Adding collectstatic option to compare file sizes insted of timestamps

Hey,

(Not a debug question, but to provide background as to why I think there’s a use case for this feature). So I have a django project with a ci/cd pipeline. The pipeline runs collecstatic at some point, however the files aren’t necessarily copied, and it appears this is because for some reason at some point the timestamps in /static and my source folders get set to the same thing somewhere in that pipeline. And as you all likely know, collectstatic compares timestamps to decide if it wants to copy stuff over or not.

I was thinking an option like --compare_filesize would be useful.

  • In that case, collecstatic would copy a file if it doesn’t exist in /static (as per current), or if a file with the same name has a different filesize.
  • It wouldn’t impact existing code, since it’s just a new flag option
  • Likely wouldn’t be too hard to implement either, basically adding a flag to the collectstatic call and the new code to compare filesizes.

What do you think? Is that a relevent idea in the first place, and if so, is that a decent target for a new contributor to the codebas such as myself? I’m an advanced programmer in python, comfortable working with the more obscure/advanced features of the language if needed, though I haven’t been working on super large codebases such as django’s.

What do you see as the use-case here? Under what circumstances is --compare_filesize going to provide a better solution?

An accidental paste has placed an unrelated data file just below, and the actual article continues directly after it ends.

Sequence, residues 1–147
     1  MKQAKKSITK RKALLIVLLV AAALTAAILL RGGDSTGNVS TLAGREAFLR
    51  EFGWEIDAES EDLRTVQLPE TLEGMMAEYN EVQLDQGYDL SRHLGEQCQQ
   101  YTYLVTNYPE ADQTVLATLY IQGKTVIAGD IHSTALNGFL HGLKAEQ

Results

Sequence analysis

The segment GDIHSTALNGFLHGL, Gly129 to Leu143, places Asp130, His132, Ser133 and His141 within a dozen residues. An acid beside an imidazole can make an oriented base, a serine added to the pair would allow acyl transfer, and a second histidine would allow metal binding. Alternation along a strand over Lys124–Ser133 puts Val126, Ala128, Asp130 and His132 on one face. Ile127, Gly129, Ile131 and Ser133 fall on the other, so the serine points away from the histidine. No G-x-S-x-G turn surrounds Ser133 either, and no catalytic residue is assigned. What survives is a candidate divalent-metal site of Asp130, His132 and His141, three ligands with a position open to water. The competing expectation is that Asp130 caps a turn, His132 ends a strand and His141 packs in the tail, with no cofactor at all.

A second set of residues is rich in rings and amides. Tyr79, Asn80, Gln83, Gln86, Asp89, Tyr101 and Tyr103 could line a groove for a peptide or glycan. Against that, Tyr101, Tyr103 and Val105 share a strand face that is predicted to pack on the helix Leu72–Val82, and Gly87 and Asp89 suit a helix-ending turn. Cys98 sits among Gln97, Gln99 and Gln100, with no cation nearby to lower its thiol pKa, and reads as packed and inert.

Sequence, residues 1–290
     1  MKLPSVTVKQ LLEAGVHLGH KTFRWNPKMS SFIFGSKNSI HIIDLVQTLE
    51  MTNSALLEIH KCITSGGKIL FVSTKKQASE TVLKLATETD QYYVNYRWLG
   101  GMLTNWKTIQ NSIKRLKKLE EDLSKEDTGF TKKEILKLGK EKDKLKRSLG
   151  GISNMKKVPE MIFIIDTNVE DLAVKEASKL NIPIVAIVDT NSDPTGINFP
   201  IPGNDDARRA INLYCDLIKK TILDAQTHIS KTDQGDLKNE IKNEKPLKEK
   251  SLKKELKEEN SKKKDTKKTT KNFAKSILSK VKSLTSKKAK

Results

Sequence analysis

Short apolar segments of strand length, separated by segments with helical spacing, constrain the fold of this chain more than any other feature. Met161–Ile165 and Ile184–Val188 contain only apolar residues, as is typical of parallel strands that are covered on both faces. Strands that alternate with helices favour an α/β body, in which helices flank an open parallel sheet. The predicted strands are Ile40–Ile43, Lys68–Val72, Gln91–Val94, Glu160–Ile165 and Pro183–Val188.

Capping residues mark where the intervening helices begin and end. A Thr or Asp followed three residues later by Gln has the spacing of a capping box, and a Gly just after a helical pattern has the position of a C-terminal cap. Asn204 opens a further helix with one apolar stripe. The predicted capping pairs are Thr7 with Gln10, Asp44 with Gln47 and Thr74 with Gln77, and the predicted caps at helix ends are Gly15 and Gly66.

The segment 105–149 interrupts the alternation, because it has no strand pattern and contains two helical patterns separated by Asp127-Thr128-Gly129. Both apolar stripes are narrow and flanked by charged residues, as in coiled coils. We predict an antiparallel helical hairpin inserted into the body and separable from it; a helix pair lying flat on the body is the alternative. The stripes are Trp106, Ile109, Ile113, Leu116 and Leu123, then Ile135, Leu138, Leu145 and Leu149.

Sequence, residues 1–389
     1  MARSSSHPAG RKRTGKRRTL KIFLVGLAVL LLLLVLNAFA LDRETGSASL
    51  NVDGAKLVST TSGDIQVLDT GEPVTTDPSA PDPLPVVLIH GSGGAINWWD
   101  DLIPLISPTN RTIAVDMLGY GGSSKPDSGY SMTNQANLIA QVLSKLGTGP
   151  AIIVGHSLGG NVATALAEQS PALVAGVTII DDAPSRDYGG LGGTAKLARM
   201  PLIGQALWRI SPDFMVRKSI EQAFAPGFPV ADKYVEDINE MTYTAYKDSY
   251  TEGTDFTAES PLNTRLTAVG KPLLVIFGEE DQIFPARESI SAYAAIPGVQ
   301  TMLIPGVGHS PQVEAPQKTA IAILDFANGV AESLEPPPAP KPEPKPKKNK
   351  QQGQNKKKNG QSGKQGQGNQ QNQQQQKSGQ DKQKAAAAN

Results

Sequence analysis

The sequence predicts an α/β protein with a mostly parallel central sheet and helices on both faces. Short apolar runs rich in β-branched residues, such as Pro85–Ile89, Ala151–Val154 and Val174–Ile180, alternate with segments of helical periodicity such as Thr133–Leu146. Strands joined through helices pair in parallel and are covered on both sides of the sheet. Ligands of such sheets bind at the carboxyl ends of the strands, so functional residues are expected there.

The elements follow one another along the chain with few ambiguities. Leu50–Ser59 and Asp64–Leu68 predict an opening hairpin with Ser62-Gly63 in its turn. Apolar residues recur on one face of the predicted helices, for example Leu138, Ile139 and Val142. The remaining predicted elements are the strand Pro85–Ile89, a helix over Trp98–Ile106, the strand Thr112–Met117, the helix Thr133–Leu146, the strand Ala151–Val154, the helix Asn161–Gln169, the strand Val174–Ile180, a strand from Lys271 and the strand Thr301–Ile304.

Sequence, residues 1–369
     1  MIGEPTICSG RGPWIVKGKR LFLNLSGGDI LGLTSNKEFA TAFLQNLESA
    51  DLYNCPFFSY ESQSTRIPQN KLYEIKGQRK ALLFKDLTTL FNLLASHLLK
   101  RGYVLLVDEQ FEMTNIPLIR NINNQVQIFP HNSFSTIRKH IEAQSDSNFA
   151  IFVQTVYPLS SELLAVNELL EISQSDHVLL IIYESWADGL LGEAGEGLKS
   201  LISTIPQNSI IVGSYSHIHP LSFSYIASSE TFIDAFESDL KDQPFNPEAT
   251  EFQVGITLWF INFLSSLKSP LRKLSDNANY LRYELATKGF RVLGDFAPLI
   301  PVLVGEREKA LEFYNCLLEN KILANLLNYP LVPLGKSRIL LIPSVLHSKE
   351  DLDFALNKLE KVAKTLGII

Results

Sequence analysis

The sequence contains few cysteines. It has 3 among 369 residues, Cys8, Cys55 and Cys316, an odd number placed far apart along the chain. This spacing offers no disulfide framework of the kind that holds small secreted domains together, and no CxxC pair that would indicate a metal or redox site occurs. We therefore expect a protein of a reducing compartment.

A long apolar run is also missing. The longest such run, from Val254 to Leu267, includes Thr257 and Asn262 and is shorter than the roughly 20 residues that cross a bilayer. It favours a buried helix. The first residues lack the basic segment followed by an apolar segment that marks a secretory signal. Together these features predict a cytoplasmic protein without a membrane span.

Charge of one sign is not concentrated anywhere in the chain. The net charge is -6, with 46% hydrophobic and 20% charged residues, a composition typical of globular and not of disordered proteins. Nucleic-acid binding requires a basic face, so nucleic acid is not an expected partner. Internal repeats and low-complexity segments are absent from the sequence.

My concern would be that relying upon this is going to miss changes that don’t affect the size of the file. (e.g. making changes like class="col-md-5" to class="col-md-6") This could be particularly problematic in 3rd party libraries.

If you are going to go this route, I’d suggest something like --compare_contents - although once you’ve gone that far, I’d more likely recommend just using the -c parameter, which is what we do.

In some deployment environments, the -l parameter can also be extremely helpful. (I’m not a particular fan of this however, because of the permissions you may need to grant to the directories in your project.)

Hey Ken,

Yeah that’s a legitimate point there. I haven’t been able to figure out what in the deployment pipeline changes the datestamps. Maybe the issue lies somewhere in one of the implementation decisions, but basically the use case as I see it is that well it appears that at least in some cases, the timestamp may not be 100% reliable.

The downside of -c is that you need to re-collect everything after, and that does take some additional time. Which can be annoying at times. Comparing content would be better indeed - however I wonder if it wouldn’t be somewhat slow too, and then as you say might as well -c.

And the timing of each is going to be dependent upon your deployment environment as well. About the only way you’re going to know for sure would be to try it both ways and compare.